While we all like to think we know what's going on in our heads, it is unfortunately the case that our brains are often a step ahead of us. We put together budgets, make shopping lists, and track our expenses, and yet the savings account doesn't seem to grow.
What gives? The secret is that there isn't anything wrong with you. The problem is your brain: Your grey matter is very good at convincing you to do things you don't really want to do. Luckily, you can manipulate your brain into saving rather than spending. Just use these three tricks.
Never shop hungry
We all know the sage advice of not going to the grocery store while hungry, and you may have even experienced that confused feeling of unloading shopping bags filled with junk food instead of your usual groceries. But did you know that shopping hungry affects all kinds of purchases?
A University of Minnesota study found that hungry shoppers spent 64% more at a department store than their well-fed counterparts.
The researchers explained that hunger puts shoppers in an acquisition mode -- when you're hungry, it becomes imperative to find and consume food. Unfortunately, those feelings can easily spill over into other types of shopping, making you spend more than you really want to (or should).
So, do yourself a favor and always eat before you shop -- no matter what kind of shopping you do.
Never shop in a bad mood
Less widely known, but just as important, is the link between your general mood and spending money. Just like hunger can put you in a state of mind to find and consume, so can a bad mood -- only instead of satisfying your hunger, you're attempting to make yourself happier.
A Psychology & Marketing study found that mall shoppers who were in a bad mood were more likely to make impulse purchases of treats for themselves. While these purchases weren't uniformly "bad" for the shoppers -- 82% didn't regret the purchase -- they did lead to more spending than was planned. A separate Harvard study found that people who had seen a sad movie were willing to spend 300% more on a water bottle than people who watched a neutral movie.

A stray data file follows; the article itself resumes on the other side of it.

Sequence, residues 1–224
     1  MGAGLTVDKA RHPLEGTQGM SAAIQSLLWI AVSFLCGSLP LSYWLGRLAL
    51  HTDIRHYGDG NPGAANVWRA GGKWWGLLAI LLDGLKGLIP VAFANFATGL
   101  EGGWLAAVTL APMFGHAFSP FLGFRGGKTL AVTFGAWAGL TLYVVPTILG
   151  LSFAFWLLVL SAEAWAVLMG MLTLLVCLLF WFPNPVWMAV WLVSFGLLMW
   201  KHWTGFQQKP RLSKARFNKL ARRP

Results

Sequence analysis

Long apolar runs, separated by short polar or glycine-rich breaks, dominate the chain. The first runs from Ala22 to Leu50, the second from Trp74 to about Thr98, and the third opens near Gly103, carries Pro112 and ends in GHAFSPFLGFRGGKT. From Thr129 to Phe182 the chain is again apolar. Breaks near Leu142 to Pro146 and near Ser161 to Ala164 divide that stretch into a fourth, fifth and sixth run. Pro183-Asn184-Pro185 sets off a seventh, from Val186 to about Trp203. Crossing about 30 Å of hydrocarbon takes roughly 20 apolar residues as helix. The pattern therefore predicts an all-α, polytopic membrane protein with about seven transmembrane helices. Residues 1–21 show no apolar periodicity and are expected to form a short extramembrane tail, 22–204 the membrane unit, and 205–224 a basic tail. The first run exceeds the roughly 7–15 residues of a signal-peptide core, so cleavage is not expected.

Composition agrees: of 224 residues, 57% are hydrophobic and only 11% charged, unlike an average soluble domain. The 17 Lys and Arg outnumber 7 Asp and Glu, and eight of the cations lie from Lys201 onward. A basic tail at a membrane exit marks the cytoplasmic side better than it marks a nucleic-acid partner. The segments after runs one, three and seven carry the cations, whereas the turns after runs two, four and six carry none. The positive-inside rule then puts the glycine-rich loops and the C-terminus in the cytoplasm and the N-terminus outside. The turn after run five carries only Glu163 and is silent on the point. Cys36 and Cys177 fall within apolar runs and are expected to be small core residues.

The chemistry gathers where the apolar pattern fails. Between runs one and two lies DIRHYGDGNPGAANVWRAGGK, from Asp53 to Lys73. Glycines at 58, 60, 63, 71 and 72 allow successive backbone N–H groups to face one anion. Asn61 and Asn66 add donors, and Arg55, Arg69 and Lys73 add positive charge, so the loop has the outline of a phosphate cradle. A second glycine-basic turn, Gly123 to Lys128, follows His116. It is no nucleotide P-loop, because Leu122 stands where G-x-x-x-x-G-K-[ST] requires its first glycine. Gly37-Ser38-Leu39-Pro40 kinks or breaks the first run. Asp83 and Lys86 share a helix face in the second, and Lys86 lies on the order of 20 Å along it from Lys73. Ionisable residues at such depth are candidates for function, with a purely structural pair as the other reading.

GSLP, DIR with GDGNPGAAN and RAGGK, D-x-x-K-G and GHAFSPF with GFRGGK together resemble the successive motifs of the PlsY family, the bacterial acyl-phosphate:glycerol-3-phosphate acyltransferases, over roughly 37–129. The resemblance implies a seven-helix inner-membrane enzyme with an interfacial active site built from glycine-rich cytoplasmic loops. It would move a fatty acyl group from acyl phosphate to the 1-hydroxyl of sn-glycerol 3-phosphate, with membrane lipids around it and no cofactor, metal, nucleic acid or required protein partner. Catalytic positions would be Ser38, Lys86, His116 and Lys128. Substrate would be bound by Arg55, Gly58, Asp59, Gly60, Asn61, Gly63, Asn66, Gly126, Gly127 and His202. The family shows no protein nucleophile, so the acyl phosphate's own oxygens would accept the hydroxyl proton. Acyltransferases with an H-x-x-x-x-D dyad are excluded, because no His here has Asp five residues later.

In other words, shopping to improve your mood is a real thing, and apparently, it's a pretty good method. However, it's not going to help you if you're trying to save money.
So, try to find another way to improve your state. Maybe some exercise, a relaxing hobby, or a good book could help? Wait to shop until your mood improves, and you'll have an easier time sticking to your budget.
Never shop after you've saved money
Did you manage to come in $100 under your weekly budget, or find that TV you wanted on clearance somewhere? Great! Stop shopping right now.
Counterintuitive as it might seem, shopping after you've experienced a savings is generally a bad idea. The reason comes down to what behavioral finance researchers call "mental accounting." Essentially, we tend to keep different accounts in our minds, even if all of our money is sitting in the same place.
So, if you've just "saved" $100 on a new TV, your brain is likely to treat that as extra freebie money -- even if you were searching for a good deal precisely because you didn't have that money to spend. It's the same reason we tend to spend our tax returns: The money isn't technically free, but it feels free.
To cut your brain's gymnastics off before they harm you, move your savings over to a savings account right away. If you'd budgeted a certain amount and "saved" on it, clear the account the rest of the way so that you're not tempted to treat that money like a freebie.
Your brain can be quite convincing about spending when it's hungry, angry, or pleased with itself, but luckily, there are ways to rein it in. Implement these tricks, and you'll find that saving money can be a lot easier.
Anna Wroblewska has no position in any stocks mentioned. The Motley Fool recommends Apple and Bank of America. The Motley Fool owns shares of Apple and Bank of America. Try any of our Foolish newsletter services free for 30 days. We Fools may not all hold the same opinions, but we all believe that considering a diverse range of insights makes us better investors. The Motley Fool has a disclosure policy.